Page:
Nope. State of Alaska doesn't require me to. I wouldn't eat one anyway. I would eat Black bear, but not Grizzly. Nope. I hunt them for the pure sport of it. I take the skull and the hide. The rest is left for the Ravens, Wolverines, other Bears, Wolves and other scavengers. And that doesn't bother me at all. In fact I'm going back up this coming spring to shoot another. Some of the natives eat them, I wouldn't. But see, I don't have to justify why I hunt. Nor do I care what others think about it. I wouldn't hunt an endangered species, but the Seward Grizzlys are over populated right now. In fact the State increased the bag limit to one a year to cut the population down. So I feel it's my duty to do the best I can to help them. And I will do just that (I guess I just justified why I hunt them!) It's to bad you can't give it a try, there is nothing like it. The best hunting I've ever had. The way they look at you, they aren't afraid of man like deer are. I suppose it would be like hunting the Big 5 in Africa, which I'd also would like to do. Especially Cape Buffalo.
Some great pictures you got there, I would like to be you someday, great shooting As for the conservationist, you must know these hunts are regulated and are very costly, This man deserves the right to tag one of these beast, Don't worry about animal numbers they are all controlled bye F&G I am sure your aware of this, Griz/browns meat is terrible and most people don't eat it, you might find a few Eskimos around there that will, **** most animals won't eat it either,maybe a wolverine or some birds for the most part the pelt is taken and claws, out of the bear family the black bear is the desirable meat to eat. I would love the opportunity to hunt one of those big bears for sure. I eat, sleep ,live hunting. Aim small hit small. RAMbo.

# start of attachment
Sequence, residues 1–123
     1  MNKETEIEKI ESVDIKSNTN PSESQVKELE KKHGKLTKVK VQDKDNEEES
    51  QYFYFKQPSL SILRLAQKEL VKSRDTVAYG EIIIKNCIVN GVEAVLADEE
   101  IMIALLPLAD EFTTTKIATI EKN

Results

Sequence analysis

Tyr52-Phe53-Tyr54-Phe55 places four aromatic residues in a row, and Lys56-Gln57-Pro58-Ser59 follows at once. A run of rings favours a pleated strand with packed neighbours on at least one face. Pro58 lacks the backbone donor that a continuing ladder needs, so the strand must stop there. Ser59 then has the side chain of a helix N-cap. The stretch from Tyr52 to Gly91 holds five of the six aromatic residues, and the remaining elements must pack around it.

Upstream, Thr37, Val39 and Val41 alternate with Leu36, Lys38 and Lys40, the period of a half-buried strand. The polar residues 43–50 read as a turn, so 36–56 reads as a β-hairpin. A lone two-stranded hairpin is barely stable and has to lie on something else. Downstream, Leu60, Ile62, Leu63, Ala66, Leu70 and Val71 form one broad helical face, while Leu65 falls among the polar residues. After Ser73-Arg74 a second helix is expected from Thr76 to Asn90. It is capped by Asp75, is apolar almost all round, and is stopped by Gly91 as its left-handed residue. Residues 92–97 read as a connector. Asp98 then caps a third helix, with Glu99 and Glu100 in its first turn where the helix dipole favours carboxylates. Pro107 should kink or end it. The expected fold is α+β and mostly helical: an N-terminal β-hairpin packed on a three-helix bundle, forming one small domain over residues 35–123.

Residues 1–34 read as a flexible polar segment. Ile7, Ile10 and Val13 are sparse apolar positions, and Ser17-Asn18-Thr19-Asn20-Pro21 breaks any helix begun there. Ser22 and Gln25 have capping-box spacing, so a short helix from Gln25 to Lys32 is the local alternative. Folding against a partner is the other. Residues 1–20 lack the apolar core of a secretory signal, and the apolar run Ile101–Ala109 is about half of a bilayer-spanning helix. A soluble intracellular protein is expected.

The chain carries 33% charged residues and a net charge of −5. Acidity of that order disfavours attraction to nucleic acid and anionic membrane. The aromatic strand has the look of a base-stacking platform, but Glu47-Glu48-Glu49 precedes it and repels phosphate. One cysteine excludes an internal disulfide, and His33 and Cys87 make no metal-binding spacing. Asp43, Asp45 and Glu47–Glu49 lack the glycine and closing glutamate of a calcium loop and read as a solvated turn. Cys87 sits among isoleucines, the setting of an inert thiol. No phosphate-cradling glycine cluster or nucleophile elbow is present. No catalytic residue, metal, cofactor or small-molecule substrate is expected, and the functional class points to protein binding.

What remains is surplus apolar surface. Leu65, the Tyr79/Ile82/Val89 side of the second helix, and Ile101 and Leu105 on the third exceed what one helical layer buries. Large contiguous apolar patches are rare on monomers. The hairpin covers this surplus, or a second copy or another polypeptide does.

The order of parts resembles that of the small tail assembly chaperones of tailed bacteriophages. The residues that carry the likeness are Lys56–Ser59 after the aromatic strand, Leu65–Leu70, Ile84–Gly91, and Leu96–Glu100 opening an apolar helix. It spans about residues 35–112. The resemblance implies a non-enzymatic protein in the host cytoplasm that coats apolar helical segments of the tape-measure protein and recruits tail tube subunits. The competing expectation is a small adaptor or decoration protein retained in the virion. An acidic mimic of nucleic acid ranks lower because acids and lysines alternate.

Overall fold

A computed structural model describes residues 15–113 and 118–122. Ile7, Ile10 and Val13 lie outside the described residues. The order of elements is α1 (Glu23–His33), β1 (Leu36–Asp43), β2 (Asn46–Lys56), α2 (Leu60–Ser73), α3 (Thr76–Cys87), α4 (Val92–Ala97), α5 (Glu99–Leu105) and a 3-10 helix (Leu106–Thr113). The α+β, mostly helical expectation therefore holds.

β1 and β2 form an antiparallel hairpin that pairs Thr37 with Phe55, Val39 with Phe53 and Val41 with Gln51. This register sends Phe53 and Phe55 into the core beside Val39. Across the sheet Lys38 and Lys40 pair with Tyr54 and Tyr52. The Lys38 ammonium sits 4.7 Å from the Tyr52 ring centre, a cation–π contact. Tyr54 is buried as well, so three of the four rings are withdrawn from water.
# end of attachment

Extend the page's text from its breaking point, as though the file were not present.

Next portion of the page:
Before we get too carried away here, I think there are a few points that must be considered.
1. Hunting is the most effective and efficient population management available to most Fish and Game offices. Alaska is no different. Though some folks do not appreciate the killing of predatory species for pelts or hides, they do need to be managed.
2. In most parts of Alaska, if bear populations are not maintained a certain level, they do reek havoc on the other animal populations. The once thriving moose pop. in the Nellie Juan drainage has recently been reduced down to 8 animals total. ADF&G's final report was that heavy bear predation was the cause. This was part of a special GMU that has been closed to hunting for years. This would be fine if we want to manage game by seeing the population boom and bust cycles that mother nature uses to control game. Most prefer to have some type of predator management instead of population explosions then starvations, though that is effective, too.
3. Contrary to popular belief, Grizzly/Brown bear meat is good IF taken when the bear has been feeding on berries or other vegetation. Not worth a hoot if it's been feeding on salmon or carrion. I've had Brown Bear roasts that would put beef to shame.